Ministry urges unis to control hazing rites

Ministry urges unis to control hazing rites

Senior students entertain freshmen at Chiang Mai University on July 20, 2018 with a dance performance during a welcoming activity called ‘Once Upon a Train’ that involves them taking a train ride together from Bangkok to Chiang Mai. (Photo by Somchai Poomlard)
Senior students entertain freshmen at Chiang Mai University on July 20, 2018 with a dance performance during a welcoming activity called ‘Once Upon a Train’ that involves them taking a train ride together from Bangkok to Chiang Mai. (Photo by Somchai Poomlard)

The Ministry of Higher Education, Science, Research and Innovation has warned universities nationwide to strictly regulate their annual initiation rites for freshmen or so-called rab nong ceremonies and ban all activities which can cause harm to students.

Soranit Siltharm, permanent secretary of the ministry, said on Wednesday he has written to universities across the country asking them to comply with the ministry's guidelines on conducting hazing rituals.

The guidelines entail the following: all hazing-related activities must be constructive and provide a good image in the eyes of the public; all activities must take into account the rights and liberty of the freshmen and the principle of equality, and no violations of an individual’s rights can take place; all liquor must be banned; hazing-related activities must not interfere with learning; and all activities must come under the supervision and responsibility of the campus administrators, teaching staff and the senior students.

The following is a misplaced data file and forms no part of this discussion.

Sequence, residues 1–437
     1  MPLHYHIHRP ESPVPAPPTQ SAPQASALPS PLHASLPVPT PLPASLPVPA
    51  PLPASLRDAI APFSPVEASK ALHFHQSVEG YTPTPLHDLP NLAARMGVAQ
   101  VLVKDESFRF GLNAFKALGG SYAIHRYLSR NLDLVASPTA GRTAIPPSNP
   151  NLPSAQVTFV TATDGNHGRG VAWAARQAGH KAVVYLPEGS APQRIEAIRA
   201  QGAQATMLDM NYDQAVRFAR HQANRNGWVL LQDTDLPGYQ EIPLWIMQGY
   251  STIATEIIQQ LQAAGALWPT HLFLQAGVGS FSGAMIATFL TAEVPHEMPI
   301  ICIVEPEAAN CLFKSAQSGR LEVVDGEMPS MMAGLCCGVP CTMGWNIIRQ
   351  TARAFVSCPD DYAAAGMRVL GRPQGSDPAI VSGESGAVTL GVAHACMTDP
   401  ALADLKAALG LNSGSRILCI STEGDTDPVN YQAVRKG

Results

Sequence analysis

Mr Soranit said freshmen should join the activities on a voluntary basis and their parents must have the right to observe such activities. Also, senior students in charge of the activities must be screened.

“Each individual university must work out disciplinary measures to deal with abusive senior students or activities which go against the basic principle of human rights. We will have zero tolerance for any form of violence in freshmen hazing rituals this year,” he said.

Meanwhile, the Council of University Presidents of Thailand (CUPT) recently revealed that more than 200,000 university seats are still vacant after all five rounds of the 2019 Thai University Central Admission System (TCAS) were completed.

“The falling birth rate is a key factor,” CUPT president Suchatvee Suwansawat said, admitting the low number of students has sent a worrying signal to all universities.


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